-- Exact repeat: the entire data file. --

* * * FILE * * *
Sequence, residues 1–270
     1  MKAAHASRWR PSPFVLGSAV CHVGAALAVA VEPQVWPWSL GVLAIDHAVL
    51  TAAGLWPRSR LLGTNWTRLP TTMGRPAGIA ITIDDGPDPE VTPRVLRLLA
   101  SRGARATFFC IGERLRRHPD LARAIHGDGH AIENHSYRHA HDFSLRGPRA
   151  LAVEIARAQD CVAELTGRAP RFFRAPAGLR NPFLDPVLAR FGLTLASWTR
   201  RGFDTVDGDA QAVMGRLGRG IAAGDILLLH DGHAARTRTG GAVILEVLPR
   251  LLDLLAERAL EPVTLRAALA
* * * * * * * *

Sequence, residues 1–270
     1  MKAAHASRWR PSPFVLGSAV CHVGAALAVA VEPQVWPWSL GVLAIDHAVL
    51  TAAGLWPRSR LLGTNWTRLP TTMGRPAGIA ITIDDGPDPE VTPRVLRLLA
   101  SRGARATFFC IGERLRRHPD LARAIHGDGH AIENHSYRHA HDFSLRGPRA
   151  LAVEIARAQD CVAELTGRAP RFFRAPAGLR NPFLDPVLAR FGLTLASWTR
   201  RGFDTVDGDA QAVMGRLGRG IAAGDILLLH DGHAARTRTG GAVILEVLPR
   251  LLDLLAERAL EPVTLRAALA